At the same time, according to the CMASF, against the background of the situational growth of profits of the fuel and energy complex of the Russian Federation, in the first half of this year, the share of unprofitable enterprises in other sectors of the Russian economy increased by 0,8 % to 31,6 %, which is the worst indicator for the last ten years. The total loss of about 15 thousand enterprises and organizations amounted to over 1 trillion rubles (this list does not include small business, banks, insurance organizations and budget institutions). In this regard, the most difficult situation arose in the following enterprises: intercity and interstate transportation — total losses increased by 40 %; housing and communal services — by 52 %; construction industry — by 57,1 %; postal services — by 78 %; science and technology sphere — almost twice. In connection with bankruptcies, in the second quarter of this year, 5.4 % more businesses were liquidated than in the same period last year.

All this was the result of the decrease in demand for products and services of the above-mentioned sectors of the Russian economy as a result of the steady decline in real incomes of economic entities and the population. Thus, in rubles, the drop in incomes of citizens compared with the previous year was as follows: in 2014 — by 0.7 %, in 2015 — by 3.2 %, in 2016 — by 5.9 %, and in the first six months of 2017 — by 1.2 %. Even a worse is the drop in incomes in dollar terms: in 2014 — by 12 %, in 2015 — by 31 %, in 2016 — by 10 %. All in all, from the autumn of 2014, the Russians' real incomes have fallen by 20 %.

According to the experts of the Center for Development at the Higher School of Economics, the Russian government's expectations regarding the possibility of a real increase in the volume of investments into the Russian economy are rather illusory. In this regard, the “investment miracle” in the second quarter of this year relates exclusively to the speculative actions of investors who have transferred significant volumes of currency to Russia, hoping to weaken the US sanctions against it. In turn, this strengthened the ruble and stimulated investment imports. At the same time, the purely local nature of these factors does not allow to count on the continuation of investment growth.

Significant problems in Russia's banking sector continue. First of all, this concerns the deterioration of the financial position of banks due to their clients' being unable to return the loans, as well as the outflow of deposits. Thus, according to the RF United Credit Bureau, of 79 million individuals and legal entities that received loans, 8 million — cannot return them in time. At the same time, in August 2017 alone, the population's deposits decreased by 0.3 % or by 63 billion rubles. As a result of the above-mentioned processes, more than half of Russian credit institutions have signs of having their negative assets in the total amount of up to 5 trillion rubles. Besides, in January–September of this year, the net outflow of capital from Russia increased 2.1 times from 10 to 21 billion rubles in comparison with the same period of 2016, and the external debt as of October 1, 2017 reached 537.5 billion US dollars, which is by 4.5 % higher than at the beginning of the year.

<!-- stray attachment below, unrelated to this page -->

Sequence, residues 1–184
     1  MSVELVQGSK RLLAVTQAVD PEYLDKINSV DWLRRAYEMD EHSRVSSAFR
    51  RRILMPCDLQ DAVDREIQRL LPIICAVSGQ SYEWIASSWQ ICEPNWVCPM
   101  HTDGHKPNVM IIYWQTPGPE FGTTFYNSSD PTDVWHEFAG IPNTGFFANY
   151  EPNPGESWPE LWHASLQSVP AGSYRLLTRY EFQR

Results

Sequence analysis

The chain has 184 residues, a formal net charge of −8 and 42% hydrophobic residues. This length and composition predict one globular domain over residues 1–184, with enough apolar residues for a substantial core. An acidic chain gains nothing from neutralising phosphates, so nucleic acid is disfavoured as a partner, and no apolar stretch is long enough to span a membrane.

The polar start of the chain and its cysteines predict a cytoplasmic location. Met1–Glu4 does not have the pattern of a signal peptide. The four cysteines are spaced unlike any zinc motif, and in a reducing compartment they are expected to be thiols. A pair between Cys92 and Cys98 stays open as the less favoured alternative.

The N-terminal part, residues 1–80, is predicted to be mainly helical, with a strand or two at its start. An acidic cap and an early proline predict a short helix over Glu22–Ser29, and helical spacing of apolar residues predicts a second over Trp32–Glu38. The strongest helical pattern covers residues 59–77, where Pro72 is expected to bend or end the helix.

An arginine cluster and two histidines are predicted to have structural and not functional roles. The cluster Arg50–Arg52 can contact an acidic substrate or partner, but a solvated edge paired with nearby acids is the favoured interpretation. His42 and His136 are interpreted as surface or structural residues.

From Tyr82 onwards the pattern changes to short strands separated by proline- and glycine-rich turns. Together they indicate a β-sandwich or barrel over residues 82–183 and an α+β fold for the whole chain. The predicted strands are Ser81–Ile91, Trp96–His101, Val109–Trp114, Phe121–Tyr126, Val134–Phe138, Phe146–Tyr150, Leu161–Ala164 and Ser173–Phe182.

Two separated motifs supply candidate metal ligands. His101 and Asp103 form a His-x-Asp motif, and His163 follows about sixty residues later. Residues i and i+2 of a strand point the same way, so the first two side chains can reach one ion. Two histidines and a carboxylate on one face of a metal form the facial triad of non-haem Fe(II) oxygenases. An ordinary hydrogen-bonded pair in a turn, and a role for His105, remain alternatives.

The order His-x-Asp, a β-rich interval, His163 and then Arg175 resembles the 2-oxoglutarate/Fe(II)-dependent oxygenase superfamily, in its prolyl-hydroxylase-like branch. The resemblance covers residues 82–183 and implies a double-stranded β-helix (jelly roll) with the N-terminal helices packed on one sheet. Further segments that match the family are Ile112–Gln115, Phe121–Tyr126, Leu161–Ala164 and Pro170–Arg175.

Against the background of these trends, experts point out that the government of the RF has no effective plans to improve the economic situation in the country, let alone to fulfill Putin's task to make Russian economy 's development rate higher than the world's one by 2019–2020. In fact, all of these plans count on increasing the volume of foreign investments into the Russian economy, while there are no objective grounds for this. The doubts about this are expressed by the management of the RF Audit Chamber, which sees no convincing evidence in favor of investment acceleration.

Accordingly, experts expect economic problems in Russia, as well as its further lagging behind other countries. In particular, already in 2020, China, India and Turkey will outpace Russia by the share of GDP per capita, and by 2035 it will go from 6 to 10–15 places in the global ranking of world economies.